“I am the one Buddhist among the defendants and will have a difficult time answering this question seeing as, according to Buddhist belief, the matter of an existence of a God is up to the Buddhist. It doesn’t really matter if a God exists, according to Tibetan Buddhism, but that persons live their lives according to what they believe is good (the Dharma and Karma) and in an enlightened place to escape reincarnation. … These are points that we could mostly agree on: humanity and compassion are overall good; destruction and hate are overall bad. It should be these points alone that should answer this question for us. One does not need to believe in a God to know that nuclear war brings nothing but destruction to our Planet and the living organisms on it, just as one does not need to believe that nuclear war is detrimental in the most tremendous ways to believe in a God.” –​Lauren Logan of Independence, Mo.

“For someone who does not agree with the existence of God, we can understand their denial of God because with the state of the world, there has been so much slaughter, so much of it caused by Christians. The 20thcentury was the bloodiest century in history—and Christians stand at the head of the ranks of the violent. We give people reason to believe there is no God. We need to follow Jesus: lay down your arms, forgive one another, love one another. In the Lord’s Prayer, we say give us this day our daily bread. We mean nobody should be without bread. We say forgive us our trespasses. We mean nobody should be without forgiveness. Concerning the old doctrine of the just war theory, A.J. Muste said, ‘The just war theory is just war.’ We are called to the nonviolence of Jesus, where we do not return evil for evil, blow for blow, insult for insult. We should not wonder how people would say there is no God. The thing that makes a difference in people’s lives is if they see somebody acting out of love. We need the evidence of those following in the footsteps of Jesus. All religious traditions have the sense that we are all connected one to another and honor that. Unless we actively live that out, people will not be led to believe in God.” –​ Jesuit Fr. William J. “Bix” Bichsel of Tacoma, Wa.

5. How do you respond to those who have a God different from you when they argue that their religion is to crush others into dust?

“A question such as this one seems to suggest that there are actually major world religions that call for the systematic elimination of people who worship a God different from theirs.  Most scholars who have comparatively studied the religious documents of all the world’s major religions seem to refute this.  Comparing the world views and written holy documents of Christianity, Judaism, Islam, Hinduism, Buddhism, Confucianism and Baha’ireveals an inherent common thread of a preference for peace and toleration for humans of diverse faiths. I personally do not accept the view that any of those major religions promote the idea of annihilating those who worship a God different from their own.” –​ Georgia Walker of Kansas City, Mo.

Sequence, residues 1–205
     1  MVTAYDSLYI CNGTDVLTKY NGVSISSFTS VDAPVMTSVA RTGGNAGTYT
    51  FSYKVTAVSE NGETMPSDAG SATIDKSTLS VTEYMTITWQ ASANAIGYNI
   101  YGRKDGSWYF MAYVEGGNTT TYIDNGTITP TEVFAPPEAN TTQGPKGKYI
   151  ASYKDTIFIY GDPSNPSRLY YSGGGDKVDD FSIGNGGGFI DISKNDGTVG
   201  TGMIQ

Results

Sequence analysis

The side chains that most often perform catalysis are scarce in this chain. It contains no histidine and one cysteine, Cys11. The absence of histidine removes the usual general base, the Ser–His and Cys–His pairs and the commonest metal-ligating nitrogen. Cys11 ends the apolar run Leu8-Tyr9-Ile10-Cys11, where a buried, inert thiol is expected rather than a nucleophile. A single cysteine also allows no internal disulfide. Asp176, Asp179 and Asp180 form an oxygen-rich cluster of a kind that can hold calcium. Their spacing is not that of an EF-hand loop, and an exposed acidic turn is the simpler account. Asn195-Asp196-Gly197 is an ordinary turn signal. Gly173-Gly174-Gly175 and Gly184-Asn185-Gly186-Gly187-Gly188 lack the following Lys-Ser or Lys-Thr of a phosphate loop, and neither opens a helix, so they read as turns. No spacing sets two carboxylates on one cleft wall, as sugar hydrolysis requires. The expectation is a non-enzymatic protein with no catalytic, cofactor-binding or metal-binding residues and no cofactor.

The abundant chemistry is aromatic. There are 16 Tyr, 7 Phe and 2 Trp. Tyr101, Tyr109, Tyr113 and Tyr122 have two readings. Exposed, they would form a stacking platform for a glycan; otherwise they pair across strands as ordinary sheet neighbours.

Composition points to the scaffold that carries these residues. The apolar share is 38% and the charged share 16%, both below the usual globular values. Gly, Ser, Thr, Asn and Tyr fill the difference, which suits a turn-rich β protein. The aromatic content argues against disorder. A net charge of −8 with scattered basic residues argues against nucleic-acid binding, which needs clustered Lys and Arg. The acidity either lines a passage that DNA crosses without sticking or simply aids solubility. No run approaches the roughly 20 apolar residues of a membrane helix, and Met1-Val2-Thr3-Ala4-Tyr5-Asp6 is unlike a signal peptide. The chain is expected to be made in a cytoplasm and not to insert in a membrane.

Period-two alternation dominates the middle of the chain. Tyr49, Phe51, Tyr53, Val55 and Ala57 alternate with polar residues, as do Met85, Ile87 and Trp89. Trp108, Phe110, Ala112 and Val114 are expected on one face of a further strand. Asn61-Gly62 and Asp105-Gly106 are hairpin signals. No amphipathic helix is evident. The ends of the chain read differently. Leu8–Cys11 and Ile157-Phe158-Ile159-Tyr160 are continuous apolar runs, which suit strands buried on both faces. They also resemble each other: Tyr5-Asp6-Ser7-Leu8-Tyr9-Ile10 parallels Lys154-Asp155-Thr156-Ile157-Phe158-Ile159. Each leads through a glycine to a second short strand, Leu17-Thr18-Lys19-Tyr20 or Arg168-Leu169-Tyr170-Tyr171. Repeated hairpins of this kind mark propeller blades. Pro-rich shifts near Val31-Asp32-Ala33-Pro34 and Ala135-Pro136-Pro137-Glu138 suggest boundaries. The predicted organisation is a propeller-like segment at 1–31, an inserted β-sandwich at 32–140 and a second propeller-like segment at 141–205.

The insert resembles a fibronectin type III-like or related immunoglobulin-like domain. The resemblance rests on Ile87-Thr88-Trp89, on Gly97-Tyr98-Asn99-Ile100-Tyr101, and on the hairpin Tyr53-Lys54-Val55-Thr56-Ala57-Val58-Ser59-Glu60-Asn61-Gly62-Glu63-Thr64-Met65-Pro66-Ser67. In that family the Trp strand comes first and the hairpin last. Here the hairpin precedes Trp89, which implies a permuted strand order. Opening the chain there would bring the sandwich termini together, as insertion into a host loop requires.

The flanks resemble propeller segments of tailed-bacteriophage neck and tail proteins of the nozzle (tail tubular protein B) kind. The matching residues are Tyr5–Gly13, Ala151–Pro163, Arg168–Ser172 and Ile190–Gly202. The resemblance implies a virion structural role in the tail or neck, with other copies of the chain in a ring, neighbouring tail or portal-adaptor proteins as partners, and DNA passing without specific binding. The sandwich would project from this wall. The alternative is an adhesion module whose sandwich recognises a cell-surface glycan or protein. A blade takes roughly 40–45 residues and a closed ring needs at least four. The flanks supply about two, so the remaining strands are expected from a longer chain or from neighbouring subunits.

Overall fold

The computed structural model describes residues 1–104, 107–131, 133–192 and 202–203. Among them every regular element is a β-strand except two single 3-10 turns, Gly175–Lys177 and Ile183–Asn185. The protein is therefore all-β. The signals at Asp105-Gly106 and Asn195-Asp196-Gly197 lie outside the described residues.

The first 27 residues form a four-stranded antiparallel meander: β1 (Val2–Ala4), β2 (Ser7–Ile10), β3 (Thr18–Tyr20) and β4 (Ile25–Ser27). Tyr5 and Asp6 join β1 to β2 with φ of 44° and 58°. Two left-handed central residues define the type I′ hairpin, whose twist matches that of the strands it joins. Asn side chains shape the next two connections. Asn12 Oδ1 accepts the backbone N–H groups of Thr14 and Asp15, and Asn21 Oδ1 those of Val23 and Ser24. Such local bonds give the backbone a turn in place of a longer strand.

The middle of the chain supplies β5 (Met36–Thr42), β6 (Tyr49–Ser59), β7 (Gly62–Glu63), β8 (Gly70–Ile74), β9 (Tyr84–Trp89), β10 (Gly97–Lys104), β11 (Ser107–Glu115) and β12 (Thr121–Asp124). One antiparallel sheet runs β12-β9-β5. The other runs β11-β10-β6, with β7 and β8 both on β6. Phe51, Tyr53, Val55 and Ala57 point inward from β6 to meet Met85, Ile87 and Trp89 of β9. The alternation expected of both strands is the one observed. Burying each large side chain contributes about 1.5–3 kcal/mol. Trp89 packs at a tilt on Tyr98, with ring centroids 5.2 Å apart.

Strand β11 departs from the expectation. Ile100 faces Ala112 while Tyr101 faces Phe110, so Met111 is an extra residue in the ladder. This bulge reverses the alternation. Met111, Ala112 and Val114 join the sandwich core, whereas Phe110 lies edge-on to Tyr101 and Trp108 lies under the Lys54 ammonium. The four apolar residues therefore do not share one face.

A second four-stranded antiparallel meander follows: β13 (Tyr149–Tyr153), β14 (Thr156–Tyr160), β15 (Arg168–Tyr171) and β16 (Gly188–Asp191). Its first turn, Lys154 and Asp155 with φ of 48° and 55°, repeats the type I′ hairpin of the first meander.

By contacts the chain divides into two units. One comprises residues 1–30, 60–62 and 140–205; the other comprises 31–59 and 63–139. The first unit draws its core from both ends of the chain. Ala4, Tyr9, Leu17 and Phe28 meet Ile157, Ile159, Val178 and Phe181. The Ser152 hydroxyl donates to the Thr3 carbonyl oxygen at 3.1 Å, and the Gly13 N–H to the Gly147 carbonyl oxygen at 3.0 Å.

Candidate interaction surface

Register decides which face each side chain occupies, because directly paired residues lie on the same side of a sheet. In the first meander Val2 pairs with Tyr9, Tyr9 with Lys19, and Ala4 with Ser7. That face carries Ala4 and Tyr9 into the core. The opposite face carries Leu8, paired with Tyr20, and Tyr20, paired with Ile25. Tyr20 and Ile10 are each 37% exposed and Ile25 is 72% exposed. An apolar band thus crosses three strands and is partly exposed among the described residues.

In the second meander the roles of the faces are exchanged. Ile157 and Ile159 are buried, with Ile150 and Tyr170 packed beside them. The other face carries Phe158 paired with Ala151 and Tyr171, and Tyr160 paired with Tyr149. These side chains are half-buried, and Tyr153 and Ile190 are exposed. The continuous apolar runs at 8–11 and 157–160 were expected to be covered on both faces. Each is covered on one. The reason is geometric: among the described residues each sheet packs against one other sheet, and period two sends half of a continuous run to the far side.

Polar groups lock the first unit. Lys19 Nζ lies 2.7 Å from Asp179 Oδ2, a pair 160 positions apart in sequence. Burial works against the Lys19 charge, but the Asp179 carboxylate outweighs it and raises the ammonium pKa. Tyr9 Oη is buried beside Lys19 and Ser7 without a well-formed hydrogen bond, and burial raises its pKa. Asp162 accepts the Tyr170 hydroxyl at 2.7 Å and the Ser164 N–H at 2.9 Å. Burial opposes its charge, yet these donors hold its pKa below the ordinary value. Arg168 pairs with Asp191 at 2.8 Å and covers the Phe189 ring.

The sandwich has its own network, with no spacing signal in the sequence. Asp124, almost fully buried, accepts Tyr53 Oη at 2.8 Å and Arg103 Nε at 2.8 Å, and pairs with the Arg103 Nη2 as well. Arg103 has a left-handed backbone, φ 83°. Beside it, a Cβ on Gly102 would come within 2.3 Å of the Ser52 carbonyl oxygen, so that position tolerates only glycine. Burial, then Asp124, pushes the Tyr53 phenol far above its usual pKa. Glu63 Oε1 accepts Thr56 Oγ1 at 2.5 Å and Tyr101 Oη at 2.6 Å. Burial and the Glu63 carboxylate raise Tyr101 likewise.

6. Who determines what “God’s law” is, given the history of the USA and the world?

“Very often, it is simple to determine what the Holy One/God wants. Sometimes, such is not true. It requires prudent and deliberate judgment, and sometimes that judgment is wrong. It is then when one asks pardon and attempts to make up for the wrong. It is not easy, but in many instances, it is clear what should be done. The hard part is doing it.” – Oblate Fr. Carl Kabat of St. Louis, Mo.

“For me, and for most people, I imagine, we come to accept and absorb God’s Law not only through the printed Scripture and charismatic religious leaders – but especially through HOW these ‘divine teachings about law’ are lived out by those same people and others. In my lifetime thus far, being influenced by certain holy and courageous people throughout history, I find reason to believe that certain laws of Love, Justice, Compassion and Truth come from the heart of our Creator. For the moment I point out a few among contemporaries who have profound impact on me (along with Jesus and St. Francis of Assisi), especially regarding God’s Law:

1) Matahma Gandhi

2) Martin Luther King, Jr.

3) Pope Francis

4) The three ‘Transform Now Ploughshares’ activists”

– Franciscan Fr. Jerome Zawada of Burlington, Wis.